(e) An indemnity bond claiming to indemnifying the Society and its office bearers against any claim / suit or other legal proceeding by any other lawful and equitable heir/heirs of the deceased member of the society.

It is permissible in these cases for a society to insist on a list of legal heirs as well as an affidavit from the applicant which states that other legal heirs do not object to the transfer of the flat in the name of the applicant.

Investigate Title, Property Clearances Before Investing
I’m from Delhi and am looking to buy a house in Mumbai. While, at first, I was looking for a purchase directly from the builder but am even open to resale properties. What do I do to ensure that the project has the requisite clearances from the BMC?
- Rajiv Khanna

For a potential home-owner, buying a home is an all-important decision. A lot of effort, hard work, sacrifices and hope go into a family’s dream of buying a new home. But all of this can go for nought if you are unlucky enough to come across unscrupulous builders, sellers and agents. This is why all prospective buyers need to be quite cautious when it comes to purchasing property.

For instance, when buying a flat directly from the builder, buyers should first ensure that the builder has the necessary permission from the BMC to build a structure in the said location. You should also make sure that he has obtained the occupation certificate from the BMC. If possible arrange for a certificate from the builder that clearly states that he has been authorised to construct on the said piece of land by the person who legally owns the land.

Prospective buyers will save themselves a lot of trouble in the future if they ensure that the title of the property with the seller is clear and marketable and the builder has authority to sell the premises.
Relevant IOD copies should be checked before buying any flat. Purchasers should properly investigate the property and make sure that it is not located in the Collector’s Land i.e. B-I category which requires the permission of the collector before construction.

Prospective buyers can help protect their interests better if they take help of professionals who specialise in dealing with property-related matters such as lawyers.

When dealing with property related matters, you should be aware that the stakes are always high. Get a Title Clearance Certificate from an advocate before proceeding with the buying transaction.

Can’t Stop Essential Service Without Cause
Can a society withdraw power supply to a defaulter’s premises by itself?
- Saurin Ved

No person, who is a promoter or a management in-charge or connected with the management of a block or building of flats, whether as member of a managing committee, director, secretary or otherwise or is responsible for the maintenance thereof (hereinafter this section referred to as “the manager”), shall, without just and sufficient cause, either by himself or through any person, cut off, withhold, or in any manner curtail or reduce, any essential supply or service enjoyed by the person who has taken a flat (or by any person in occupation thereof through or under him) in respect of the flat taken or agreed to be taken by him. The person who has taken or agreed to take the flat or the occupier may, if the manager has contravened the provision of sub-section (1), make an application to the Court for a direction to restore such supply or service.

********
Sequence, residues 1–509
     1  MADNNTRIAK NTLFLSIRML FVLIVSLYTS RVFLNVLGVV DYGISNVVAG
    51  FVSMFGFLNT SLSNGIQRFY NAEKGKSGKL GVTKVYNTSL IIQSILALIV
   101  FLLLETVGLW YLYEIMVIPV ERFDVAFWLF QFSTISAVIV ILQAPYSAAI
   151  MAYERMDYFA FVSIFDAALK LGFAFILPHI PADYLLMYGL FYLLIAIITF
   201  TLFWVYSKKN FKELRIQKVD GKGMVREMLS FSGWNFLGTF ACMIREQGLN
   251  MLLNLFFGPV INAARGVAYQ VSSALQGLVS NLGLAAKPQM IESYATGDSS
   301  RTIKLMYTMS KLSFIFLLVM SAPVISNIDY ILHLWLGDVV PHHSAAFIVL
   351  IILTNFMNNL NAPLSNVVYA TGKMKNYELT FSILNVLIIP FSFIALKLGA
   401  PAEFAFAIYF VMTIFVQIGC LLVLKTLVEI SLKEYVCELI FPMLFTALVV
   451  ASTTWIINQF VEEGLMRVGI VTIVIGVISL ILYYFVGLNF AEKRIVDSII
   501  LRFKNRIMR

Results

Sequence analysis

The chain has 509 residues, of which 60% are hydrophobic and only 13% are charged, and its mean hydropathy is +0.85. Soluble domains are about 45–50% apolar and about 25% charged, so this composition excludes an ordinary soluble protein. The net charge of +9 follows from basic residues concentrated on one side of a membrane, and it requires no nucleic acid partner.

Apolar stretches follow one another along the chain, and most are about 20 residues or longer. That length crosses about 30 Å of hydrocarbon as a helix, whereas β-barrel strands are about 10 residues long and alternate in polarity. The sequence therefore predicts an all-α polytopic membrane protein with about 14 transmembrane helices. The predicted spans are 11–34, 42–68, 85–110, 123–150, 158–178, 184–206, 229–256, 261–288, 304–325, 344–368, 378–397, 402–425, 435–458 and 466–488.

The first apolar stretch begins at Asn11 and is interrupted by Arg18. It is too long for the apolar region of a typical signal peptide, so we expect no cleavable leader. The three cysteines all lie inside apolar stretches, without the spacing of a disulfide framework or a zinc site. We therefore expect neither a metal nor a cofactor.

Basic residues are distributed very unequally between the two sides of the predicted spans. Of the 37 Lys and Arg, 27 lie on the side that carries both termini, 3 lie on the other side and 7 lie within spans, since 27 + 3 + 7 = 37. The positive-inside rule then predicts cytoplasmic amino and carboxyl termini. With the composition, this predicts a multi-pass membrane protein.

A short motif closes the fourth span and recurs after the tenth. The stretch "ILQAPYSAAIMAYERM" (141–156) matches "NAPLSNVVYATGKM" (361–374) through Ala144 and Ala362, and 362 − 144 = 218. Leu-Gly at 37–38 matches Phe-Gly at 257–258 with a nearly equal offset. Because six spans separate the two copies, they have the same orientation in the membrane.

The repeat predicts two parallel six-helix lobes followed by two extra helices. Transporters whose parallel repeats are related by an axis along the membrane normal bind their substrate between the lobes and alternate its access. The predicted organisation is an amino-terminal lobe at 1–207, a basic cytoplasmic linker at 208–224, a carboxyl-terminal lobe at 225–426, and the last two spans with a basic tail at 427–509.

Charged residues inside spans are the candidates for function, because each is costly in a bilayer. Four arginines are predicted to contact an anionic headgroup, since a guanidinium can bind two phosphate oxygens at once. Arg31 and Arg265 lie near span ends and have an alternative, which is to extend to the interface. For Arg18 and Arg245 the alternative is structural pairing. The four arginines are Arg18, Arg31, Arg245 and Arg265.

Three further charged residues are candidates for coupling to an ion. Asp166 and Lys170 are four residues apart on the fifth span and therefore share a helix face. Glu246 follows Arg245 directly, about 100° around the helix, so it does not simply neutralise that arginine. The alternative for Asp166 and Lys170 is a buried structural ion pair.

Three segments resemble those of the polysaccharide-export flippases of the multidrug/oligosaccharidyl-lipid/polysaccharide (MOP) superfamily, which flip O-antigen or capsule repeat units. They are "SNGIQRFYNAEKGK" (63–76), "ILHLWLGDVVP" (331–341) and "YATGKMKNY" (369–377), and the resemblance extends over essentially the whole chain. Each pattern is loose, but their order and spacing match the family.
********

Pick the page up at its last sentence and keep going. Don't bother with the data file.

On enquiry, if the Court finds the application or the person through or under whom he is in occupation has been in enjoyment of the essential supply or service, and that it was cut off or withheld or curtailed or reduced by the manager without “just and sufficient cause,” the Court shall make an order directing the manager to restore such supply or service before a date to be specified in the order.

The manager who fails to restore the supply or service before the date so specified shall, for each day during which the default continues thereafter, be liable upon a further direction by the Court to that effect, to fine which may extend to one hundred rupees. Any manager who contravenes the provisions of sub-section (1) shall, on conviction, be punished with imprisonment for a term which may extend to three months, or with fine or with both. The offence under sub-section (6) shall be cognisable, and shall not be triable by any Court inferior to that of a (Metropolitan Magistrate, or a Judicial Magistrate of the First Class.

For the purpose of this section, essential supply or service includes the supply of water, electricity, lights in passages and on staircases and lifts and conservancy or sanitary service.

Contempt Is Punishable
Can any person commit contempt of court, particularly so of a cooperative court, and what is the punishment for it?
- Ram S

According the Maharashtra Cooperative Societies Act 1960 and Rules 1961, if any person:
(a) When ordered by a Cooperative Court or the Cooperative Appellate Court to produce or deliver any document or to furnish information being legally bound to do so, intentionally omits to do so; or